Rather than reorganize zombie and failed banks, the Feds will subsidize the purchase of "toxic" assets by investors, presumably hedge funds and sovereign funds. The Feds will insure them against downside risk.
The fundamental problem remains the same. If the assets are sold at current market value, providing another buyer will do the banks no good. If the assets are set above market value, the taxpayers are rewarding the banks for betting on the wrong horses. Of course, it's conceivable that these assets will turn out to be worth more than the current market price, but then, so might that swampland in Florida and that bridge over the East River.
I have said to my liberal sister, but not written here, that TARP, proposed by George Bush, puts the final nail in the liberal/conservative distinction as it has been understood in this country. If Bush was prepared to nationalize AIG and run a huge deficit for this purpose and to bail out the banks, the traditional notion that the GOP resisted government interference in the economy and deficit spending had become non-operational. The same for resistance to the expansion of executive power. Thus I feel justified in linking to Paul Krugman's piece today, in which he announces his "despair" over this plan:I never thought I'd be agreeing with this man, but he's right. Put the zombie banks out of their misery rather than throw good money after bad.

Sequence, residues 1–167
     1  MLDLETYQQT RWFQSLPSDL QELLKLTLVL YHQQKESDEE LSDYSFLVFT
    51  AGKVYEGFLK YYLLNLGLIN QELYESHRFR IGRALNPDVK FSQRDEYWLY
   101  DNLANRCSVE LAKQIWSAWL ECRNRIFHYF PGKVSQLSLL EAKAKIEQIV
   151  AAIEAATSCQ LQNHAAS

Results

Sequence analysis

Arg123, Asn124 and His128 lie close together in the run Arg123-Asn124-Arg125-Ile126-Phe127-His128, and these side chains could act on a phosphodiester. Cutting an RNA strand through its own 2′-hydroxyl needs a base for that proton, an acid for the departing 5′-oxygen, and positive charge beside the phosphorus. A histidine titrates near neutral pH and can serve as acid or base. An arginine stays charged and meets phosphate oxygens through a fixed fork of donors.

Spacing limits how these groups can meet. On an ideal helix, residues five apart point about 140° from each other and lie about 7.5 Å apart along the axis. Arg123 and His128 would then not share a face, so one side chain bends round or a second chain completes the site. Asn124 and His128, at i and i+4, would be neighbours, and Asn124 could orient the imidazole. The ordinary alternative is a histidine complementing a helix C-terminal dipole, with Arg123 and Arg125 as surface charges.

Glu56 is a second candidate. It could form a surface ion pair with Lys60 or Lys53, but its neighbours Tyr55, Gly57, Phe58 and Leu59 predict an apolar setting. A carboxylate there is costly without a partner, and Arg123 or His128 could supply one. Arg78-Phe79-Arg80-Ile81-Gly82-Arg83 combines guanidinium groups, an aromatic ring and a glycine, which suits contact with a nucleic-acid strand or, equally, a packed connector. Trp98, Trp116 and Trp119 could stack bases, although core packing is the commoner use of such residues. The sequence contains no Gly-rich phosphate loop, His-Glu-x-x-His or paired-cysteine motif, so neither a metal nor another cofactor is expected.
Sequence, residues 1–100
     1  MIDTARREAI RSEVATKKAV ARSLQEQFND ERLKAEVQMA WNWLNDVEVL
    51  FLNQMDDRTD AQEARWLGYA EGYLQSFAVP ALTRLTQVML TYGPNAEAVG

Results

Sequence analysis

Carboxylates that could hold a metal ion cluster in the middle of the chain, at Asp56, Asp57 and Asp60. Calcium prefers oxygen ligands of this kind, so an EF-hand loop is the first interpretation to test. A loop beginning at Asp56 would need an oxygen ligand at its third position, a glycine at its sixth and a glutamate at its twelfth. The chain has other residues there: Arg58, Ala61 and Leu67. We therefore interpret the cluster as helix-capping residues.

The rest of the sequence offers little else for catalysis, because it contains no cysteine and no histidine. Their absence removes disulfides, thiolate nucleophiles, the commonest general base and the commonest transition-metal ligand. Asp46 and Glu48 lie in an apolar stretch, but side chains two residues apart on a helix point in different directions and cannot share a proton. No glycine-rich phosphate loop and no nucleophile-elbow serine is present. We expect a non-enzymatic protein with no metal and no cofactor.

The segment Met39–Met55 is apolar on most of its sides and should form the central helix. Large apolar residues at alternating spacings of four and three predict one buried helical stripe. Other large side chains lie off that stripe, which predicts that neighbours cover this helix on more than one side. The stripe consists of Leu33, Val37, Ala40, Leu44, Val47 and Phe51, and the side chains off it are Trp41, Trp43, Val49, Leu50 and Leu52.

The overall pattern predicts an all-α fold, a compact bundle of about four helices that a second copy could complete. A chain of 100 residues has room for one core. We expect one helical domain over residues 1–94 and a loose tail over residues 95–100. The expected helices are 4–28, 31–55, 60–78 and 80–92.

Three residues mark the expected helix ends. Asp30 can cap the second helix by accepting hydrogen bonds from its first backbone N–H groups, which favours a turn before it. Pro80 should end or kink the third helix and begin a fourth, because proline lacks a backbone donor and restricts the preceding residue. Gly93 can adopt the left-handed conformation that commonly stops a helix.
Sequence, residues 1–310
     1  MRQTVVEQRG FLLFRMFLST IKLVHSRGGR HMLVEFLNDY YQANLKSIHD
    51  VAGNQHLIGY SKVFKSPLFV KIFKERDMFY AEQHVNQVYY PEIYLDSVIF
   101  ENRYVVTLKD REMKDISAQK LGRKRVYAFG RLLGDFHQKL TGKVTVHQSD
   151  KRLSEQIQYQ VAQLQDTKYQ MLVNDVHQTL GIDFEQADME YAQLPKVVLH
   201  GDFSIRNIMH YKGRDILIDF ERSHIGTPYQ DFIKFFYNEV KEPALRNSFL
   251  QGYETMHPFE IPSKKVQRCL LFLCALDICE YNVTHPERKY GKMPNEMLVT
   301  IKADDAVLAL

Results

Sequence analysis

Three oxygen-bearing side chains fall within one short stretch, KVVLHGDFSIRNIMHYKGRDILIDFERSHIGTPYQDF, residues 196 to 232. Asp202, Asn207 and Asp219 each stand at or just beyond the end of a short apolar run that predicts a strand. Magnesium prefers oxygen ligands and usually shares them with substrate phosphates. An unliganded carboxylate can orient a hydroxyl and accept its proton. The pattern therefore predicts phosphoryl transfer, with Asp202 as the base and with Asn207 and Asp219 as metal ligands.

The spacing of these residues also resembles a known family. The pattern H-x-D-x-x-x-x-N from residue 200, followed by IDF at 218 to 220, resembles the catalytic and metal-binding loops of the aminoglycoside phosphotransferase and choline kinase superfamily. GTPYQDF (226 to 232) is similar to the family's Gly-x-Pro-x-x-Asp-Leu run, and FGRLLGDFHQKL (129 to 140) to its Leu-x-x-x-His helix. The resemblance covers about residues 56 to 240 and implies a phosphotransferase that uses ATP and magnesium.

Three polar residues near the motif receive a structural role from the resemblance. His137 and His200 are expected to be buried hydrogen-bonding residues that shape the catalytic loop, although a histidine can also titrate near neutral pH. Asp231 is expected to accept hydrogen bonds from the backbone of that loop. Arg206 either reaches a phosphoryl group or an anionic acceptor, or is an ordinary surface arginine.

The likely cost to taxpayers aside, there’s something strange going on here. By my count, this is the third time Obama administration officials have floated a scheme that is essentially a rehash of the Paulson plan, each time adding a new set of bells and whistles and claiming that they’re doing something completely different. This is starting to look obsessive.
But the real problem with this plan is that it won’t work. Yes, troubled assets may be somewhat undervalued. But the fact is that financial executives literally bet their banks on the belief that there was no housing bubble, and the related belief that unprecedented levels of household debt were no problem. They lost that bet. And no amount of financial hocus-pocus — for that is what the Geithner plan amounts to — will change that fact.
You might say, why not try the plan and see what happens? One answer is that time is wasting: every month that we fail to come to grips with the economic crisis another 600,000 jobs are lost.
Even more important, however, is the way Mr. Obama is squandering his credibility. If this plan fails — as it almost surely will — it’s unlikely that he’ll be able to persuade Congress to come up with more funds to do what he should have done in the first place.
As an anthropologist, I think you have to look at the real connections between people, not just at economic theory. What links Robert Rubin (Clinton's Treasury Secreary), Paulson, and Obama gurus Geithner and Summers, are personal ties of patrons and clients over time. The institutional link is Goldman, Sachs. In short, the same inmates are running the asylum, whether "D" or "R" is after their name.
Obama, of course, can't fire Geithner because he has no Plan B and losing Geithner so soon would discredit Obama.
In short, we are stuck.